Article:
Regularly changing the filters can also help with keeping the bills to a minimum, since dirty and clogged ones will make the appliance run at higher than needed capacities. This results in extra monthly expenses that can be easily avoided and can even lead to the appliance breaking down which will add to the costs.
Changing filters is also recommended for health reasons since over time they gather dust, spores, allergens, or bacteria that can be harmful to our wellbeing. Itchy or runny nose and eyes are signs the filters need changing or cleaning. This should be done as often as possible, at least twice per year for temperate climates and 4 or 5 times for areas where the appliance is used all year around.
When using an HVAC appliance, keep the windows closed to avoid wasting energy. Inside ducts or vents and outside units should not be obstructed by furniture, walls, or other objects since this might impede proper functioning and can also damage the obstructing object. For example, heat pumps or air conditioners which can also increase the amount of moisture in a room can deter furniture, doors, or other woodwork items.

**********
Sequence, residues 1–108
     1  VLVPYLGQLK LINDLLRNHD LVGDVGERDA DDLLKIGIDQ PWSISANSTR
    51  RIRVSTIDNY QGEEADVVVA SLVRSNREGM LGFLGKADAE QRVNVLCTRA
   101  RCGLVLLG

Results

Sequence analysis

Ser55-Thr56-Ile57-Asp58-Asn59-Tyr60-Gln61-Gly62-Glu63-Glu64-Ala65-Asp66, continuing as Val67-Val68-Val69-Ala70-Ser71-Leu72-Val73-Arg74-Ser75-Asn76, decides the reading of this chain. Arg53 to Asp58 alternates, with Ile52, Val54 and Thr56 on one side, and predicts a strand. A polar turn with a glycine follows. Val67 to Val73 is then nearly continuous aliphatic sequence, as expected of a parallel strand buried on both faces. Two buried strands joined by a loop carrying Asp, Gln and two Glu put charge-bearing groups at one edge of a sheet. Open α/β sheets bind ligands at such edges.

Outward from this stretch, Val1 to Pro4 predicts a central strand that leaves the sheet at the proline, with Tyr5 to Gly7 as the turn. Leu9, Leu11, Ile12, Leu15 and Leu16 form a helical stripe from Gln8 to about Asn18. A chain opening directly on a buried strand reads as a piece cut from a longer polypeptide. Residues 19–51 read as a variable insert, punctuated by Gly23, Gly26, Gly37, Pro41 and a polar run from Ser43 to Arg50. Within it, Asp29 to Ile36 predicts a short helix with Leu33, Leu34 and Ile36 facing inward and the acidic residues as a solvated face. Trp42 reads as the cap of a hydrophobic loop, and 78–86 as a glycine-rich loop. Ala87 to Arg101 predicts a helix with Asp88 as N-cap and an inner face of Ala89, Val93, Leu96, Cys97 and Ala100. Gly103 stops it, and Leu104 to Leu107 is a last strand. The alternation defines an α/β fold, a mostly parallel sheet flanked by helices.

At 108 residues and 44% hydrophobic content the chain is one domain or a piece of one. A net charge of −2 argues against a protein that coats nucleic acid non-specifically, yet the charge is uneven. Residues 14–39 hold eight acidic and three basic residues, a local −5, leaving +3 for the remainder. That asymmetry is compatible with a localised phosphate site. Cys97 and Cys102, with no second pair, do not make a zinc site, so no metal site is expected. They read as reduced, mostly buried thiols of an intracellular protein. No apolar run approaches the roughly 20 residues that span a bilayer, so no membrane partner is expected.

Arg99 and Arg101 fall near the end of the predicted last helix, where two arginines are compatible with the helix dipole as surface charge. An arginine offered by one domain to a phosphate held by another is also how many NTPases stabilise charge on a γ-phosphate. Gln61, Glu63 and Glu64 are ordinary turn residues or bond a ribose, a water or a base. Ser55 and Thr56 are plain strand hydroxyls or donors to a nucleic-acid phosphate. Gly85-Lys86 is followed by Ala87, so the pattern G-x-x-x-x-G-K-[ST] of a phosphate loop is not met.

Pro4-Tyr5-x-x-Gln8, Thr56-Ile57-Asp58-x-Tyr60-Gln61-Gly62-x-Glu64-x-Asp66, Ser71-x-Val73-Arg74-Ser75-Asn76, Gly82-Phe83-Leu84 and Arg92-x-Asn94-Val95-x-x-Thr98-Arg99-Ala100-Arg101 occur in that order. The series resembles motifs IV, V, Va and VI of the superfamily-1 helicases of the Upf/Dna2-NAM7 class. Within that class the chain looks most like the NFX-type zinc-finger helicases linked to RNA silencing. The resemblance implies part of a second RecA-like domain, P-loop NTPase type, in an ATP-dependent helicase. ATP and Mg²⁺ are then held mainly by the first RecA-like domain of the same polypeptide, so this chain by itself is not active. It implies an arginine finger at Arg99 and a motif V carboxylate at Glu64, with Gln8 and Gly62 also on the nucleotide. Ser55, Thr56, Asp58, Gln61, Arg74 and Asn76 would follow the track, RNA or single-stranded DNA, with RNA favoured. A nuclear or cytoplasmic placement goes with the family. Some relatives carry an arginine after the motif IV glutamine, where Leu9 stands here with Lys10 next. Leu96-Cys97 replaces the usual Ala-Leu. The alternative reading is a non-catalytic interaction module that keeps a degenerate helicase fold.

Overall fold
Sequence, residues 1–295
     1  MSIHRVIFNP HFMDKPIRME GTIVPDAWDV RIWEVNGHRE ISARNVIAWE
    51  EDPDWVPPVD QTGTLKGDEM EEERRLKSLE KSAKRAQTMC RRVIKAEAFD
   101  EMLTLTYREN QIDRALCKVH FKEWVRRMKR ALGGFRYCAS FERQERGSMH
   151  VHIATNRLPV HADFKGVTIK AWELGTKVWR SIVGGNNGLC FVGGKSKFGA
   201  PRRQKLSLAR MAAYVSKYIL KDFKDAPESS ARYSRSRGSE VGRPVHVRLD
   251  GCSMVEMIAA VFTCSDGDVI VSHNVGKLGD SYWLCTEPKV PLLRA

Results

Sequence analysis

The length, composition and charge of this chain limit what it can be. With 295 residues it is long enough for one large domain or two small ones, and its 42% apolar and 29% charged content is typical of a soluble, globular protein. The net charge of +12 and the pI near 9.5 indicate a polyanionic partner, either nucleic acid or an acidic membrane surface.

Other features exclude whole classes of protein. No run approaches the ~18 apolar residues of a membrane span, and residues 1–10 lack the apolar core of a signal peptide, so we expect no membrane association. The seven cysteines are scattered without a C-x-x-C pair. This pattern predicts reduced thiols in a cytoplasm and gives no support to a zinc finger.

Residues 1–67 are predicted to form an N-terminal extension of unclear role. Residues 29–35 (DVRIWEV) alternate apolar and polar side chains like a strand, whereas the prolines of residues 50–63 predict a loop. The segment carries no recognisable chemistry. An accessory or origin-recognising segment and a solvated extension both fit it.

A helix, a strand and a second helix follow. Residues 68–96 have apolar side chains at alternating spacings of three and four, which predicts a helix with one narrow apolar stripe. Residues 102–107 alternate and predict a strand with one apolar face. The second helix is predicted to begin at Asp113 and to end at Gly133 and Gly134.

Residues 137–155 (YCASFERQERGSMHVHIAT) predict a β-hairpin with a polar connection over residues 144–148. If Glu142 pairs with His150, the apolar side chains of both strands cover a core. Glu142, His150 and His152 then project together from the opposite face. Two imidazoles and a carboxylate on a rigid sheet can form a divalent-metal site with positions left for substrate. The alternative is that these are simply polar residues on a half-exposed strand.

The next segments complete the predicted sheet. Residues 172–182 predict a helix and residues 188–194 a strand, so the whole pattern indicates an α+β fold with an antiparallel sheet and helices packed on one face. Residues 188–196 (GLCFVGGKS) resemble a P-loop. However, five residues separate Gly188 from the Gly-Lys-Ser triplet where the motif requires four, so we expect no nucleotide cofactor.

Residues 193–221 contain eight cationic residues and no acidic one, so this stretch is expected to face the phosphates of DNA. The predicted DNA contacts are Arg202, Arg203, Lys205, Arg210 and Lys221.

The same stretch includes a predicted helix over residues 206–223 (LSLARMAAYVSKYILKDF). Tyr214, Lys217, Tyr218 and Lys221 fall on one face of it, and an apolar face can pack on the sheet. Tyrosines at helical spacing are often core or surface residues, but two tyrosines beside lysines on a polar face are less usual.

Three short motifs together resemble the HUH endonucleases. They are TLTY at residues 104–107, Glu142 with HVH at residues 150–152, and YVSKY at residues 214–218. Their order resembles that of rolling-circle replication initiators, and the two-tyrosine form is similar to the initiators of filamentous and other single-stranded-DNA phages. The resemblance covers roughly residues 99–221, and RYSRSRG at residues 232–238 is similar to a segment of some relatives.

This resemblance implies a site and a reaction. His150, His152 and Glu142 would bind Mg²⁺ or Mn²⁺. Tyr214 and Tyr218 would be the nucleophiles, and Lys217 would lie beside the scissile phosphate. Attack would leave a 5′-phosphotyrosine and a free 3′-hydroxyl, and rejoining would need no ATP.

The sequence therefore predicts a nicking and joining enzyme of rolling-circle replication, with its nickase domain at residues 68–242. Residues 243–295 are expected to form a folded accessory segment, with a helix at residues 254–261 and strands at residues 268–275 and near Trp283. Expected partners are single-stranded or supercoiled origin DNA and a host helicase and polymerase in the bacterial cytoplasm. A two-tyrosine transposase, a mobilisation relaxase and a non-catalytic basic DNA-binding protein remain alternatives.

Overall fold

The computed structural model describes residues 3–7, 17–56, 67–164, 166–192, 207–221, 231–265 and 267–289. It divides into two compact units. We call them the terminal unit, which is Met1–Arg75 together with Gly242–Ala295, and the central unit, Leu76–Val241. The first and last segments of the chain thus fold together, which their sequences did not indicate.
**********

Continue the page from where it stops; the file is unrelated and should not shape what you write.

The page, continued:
Window coverings are another energy-saving tip that is often overlooked. Thick textile coverings can keep the house a few degrees cooler or warmer by stopping sunlight and draught from coming in.
Although we mentioned heat pumps involve lower running expenses, the cost effectiveness of a heat pump vs AC heavily depends on the frequency of use, global positioning, the needs of individual customers, and local energy costs. There is no universally right choice when it comes to cooling and/or heating systems: Every type and model of appliance on the market is someone’s best choice, as well as the most unfit product for someone else.